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IN Daily Adelaide's independent news
Adelaide media sucked in by urban myth
15 April 2016
In this week's column, some local media fall hook, line and sinker for an urban myth, an experienced ABC journalist jumps to PR, digital disruption, the State Government takes a new approach to media releases, and much more.
Colour me unhappy
A shocking story appeared on the TV news on Wednesday night, with Seven reporting “exclusively” that a dognapping ring was operating in the north-eastern suburbs of Adelaide.
The evil band’s modus operandi, Seven reported, was to mark homes with pink paint, before returning to take the home owner’s pet to use as fodder in illegal dog-fights.
The story was chased by numerous other outlets, but the trouble for reporters was that there was no evidence that the original story was true despite the fears of locals. In fact, as early as Wednesday afternoon the SA Police said as much, and an engineering firm warned that pink markings on curbs and footpaths most likely related to underground services – nothing to do with a 101 Dalmations style heist.
As is often the way these days, once the story was out there, others felt compelled to follow, with ABC 891 and The Advertiser, among others, jumping on board (a later Tiser post questioned whether the pink marks were a hoax).
However, a few minutes on Google – and some common sense – would tell you that this is an old urban myth.
The RSPCA tells Media Week that the scare – or a version of it – comes up from time to time. Last year, for example, people in one Adelaide suburb feared that mysterious chalk marks were related to impending dognapping. It wasn’t true.
The urban myth website, Snopes, records this tale in their archive, tracing it back to stories doing the rounds in Perth in 2013.
We’ve found different versions reported all over the place – in a UK paper, and in Queensland. It appears none of the stories were true, just different versions of the same urban myth. Nevertheless, Seven returned to the story last night, with interviews with several people whose dogs have gone missing.
No doubt people should be careful with their rare and valuable dogs, and the RSPCA has fears – so far unproven – about possible dogfighting rackets operating locally, but the “pink paint” angle appears to be a furphy.
A day after yesterday's "biggest quake since 2011's tsunami," at 1:25 local time, Japan was just struck with a massive aftershock in the form of a Magnitude 7.0 earthquake, which means it was roughly 10 times stronger than yesterday's tremor:
The earthquake was centered just southeast of Kumamoto. It struck about at a shallow depth of 10 kilometers. A tsunami advisory has been issued for coastal areas. Kumamoto is the capital city of Kumamoto Prefecture on the island of Kyushu, Japan. As of March 1, 2010, the city has an estimated population of 731,286 and a population density of 1,880 persons per km2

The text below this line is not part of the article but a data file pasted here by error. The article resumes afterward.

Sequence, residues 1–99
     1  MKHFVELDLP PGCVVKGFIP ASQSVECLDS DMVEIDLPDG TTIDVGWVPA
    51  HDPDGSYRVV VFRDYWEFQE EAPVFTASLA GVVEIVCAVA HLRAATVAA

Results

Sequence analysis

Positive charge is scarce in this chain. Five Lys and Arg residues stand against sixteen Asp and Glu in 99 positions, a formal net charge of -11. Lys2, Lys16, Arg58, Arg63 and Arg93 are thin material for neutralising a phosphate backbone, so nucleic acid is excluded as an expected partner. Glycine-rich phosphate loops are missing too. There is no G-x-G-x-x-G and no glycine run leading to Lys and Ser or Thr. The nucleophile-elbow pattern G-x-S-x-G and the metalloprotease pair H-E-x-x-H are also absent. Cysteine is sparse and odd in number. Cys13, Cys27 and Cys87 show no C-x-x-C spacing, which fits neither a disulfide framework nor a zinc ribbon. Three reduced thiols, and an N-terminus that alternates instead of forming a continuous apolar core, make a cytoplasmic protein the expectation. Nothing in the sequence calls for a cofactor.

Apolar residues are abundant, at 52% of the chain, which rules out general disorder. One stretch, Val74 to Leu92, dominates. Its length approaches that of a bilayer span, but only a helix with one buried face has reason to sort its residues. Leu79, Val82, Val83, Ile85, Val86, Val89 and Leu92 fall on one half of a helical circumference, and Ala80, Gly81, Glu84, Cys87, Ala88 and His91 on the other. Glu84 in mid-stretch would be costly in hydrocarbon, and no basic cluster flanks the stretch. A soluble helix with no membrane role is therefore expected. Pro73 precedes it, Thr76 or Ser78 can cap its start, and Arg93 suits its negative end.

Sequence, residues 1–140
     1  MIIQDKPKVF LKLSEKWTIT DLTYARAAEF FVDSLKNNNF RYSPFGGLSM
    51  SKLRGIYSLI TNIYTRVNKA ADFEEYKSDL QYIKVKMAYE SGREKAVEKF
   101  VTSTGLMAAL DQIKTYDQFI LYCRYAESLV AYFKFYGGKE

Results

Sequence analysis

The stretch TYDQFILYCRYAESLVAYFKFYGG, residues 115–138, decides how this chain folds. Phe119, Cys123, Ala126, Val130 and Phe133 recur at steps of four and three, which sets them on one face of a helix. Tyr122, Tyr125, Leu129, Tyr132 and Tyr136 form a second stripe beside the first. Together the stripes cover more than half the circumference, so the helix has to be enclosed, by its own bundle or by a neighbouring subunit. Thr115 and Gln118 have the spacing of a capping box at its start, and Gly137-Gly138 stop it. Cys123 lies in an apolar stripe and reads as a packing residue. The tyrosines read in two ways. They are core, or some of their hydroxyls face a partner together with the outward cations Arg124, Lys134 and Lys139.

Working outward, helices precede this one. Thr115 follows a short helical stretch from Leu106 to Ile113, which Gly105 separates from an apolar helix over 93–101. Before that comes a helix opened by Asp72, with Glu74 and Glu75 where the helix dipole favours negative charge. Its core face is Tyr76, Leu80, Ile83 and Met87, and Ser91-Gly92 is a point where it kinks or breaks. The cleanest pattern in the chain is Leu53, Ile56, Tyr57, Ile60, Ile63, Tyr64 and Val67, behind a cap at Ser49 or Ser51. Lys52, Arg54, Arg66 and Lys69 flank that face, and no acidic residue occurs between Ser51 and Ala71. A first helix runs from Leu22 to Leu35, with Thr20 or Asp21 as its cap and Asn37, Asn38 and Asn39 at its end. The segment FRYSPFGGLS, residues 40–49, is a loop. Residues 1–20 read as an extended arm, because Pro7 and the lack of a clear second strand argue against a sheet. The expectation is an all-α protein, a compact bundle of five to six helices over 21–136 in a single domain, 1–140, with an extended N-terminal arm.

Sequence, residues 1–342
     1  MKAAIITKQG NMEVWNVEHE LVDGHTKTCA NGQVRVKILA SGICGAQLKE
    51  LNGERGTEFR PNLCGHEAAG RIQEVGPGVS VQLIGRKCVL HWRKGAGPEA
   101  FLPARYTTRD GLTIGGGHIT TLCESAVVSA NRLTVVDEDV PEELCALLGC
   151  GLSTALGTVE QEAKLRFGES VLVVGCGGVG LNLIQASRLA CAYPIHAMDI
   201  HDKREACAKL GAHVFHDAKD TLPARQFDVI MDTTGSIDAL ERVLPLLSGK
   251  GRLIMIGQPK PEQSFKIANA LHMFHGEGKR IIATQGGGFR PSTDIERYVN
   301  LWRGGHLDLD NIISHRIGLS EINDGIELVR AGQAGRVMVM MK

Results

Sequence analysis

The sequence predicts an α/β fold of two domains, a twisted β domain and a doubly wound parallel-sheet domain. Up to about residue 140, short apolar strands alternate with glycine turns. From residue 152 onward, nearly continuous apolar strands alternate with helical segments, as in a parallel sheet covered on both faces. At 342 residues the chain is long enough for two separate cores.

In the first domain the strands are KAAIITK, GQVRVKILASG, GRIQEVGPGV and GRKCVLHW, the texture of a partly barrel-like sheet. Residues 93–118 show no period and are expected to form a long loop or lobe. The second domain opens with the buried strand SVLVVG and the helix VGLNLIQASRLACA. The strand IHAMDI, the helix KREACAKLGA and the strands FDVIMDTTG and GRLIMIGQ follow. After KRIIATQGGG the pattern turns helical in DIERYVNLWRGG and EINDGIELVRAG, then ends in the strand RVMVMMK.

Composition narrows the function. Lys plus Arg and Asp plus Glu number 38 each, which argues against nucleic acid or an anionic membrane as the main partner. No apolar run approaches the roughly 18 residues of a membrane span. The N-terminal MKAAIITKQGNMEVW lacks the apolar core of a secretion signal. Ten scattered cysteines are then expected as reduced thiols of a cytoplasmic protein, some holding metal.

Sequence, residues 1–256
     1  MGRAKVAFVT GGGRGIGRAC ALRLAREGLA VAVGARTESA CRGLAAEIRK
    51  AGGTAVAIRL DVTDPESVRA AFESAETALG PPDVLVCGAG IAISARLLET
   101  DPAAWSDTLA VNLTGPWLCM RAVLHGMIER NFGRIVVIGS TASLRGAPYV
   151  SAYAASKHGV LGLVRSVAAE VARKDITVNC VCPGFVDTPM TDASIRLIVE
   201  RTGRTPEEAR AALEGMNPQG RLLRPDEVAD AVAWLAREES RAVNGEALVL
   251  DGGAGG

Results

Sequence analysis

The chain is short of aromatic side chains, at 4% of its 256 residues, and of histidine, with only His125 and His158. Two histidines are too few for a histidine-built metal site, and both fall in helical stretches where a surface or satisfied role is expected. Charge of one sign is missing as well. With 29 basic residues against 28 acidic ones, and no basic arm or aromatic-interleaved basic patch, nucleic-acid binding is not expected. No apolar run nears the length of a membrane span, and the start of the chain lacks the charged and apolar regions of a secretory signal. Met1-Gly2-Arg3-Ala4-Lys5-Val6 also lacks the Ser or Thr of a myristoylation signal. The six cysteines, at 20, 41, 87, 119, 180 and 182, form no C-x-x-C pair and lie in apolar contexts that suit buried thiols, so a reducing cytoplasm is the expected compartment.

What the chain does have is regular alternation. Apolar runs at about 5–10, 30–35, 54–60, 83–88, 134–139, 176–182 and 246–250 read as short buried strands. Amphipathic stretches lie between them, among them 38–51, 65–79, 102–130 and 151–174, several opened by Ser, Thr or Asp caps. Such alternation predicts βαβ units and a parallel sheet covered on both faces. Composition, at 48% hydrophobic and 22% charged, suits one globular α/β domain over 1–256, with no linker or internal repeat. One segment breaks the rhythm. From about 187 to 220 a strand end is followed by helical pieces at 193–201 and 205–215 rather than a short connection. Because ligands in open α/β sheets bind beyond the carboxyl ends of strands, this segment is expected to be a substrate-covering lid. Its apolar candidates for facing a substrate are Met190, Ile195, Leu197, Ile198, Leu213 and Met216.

"A day after yesterday's "biggest quake since 2011's tsunami," at 1:25 local time, Japan was just struck with a massive aftershock in the form of a Magnitude 7.0 earthquake"
Good morning Sys,
We just started getting NHK World television channel from Tokyo here in Washington state (PBS station). I saw the news on that channel yesterday. At first I thought they were running a repeat but realized a new one hit. Up here on the Puget Sound we get tremors but nothing like that, yet.
According to a document obtained by journalist Lee Fang, In-Q-Tel is funding companies that monitor, collect, and analyze social media traffic and activities on platforms such as Twitter, Facebook, and Instagram. The investments were previously undisclosed.
For instance, Fang points to PATHAR, a social media intelligence company whose product, Dunami, is already being used by the FBI to "mine Twitter, Facebook, Instagram and other social media to determine networks of association, centers of influence and potential signs of radicalization," as confirmed last month by the Center for Investigative Reporting.
Another firm in In-Q-Tel's portfolio is Dataminr, which "directly licenses a stream of data from Twitter to visualize and quickly spot trends on behalf of law enforcement agencies and hedge funds, among other clients," Fang writes.
Geofeedia, also on In-Q-Tel's list, "promotes its research into Greenpeace activists, student demonstrations, minimum wage advocates, and other political movements," Fang reports. "Police departments in Oakland, Chicago, Detroit, and other major municipalities have contracted with Geofeedia, as well as private firms such as the Mall of America and McDonald's."
« Last Edit: Apr 16th, 2016, 11:40pm by Sys_Config »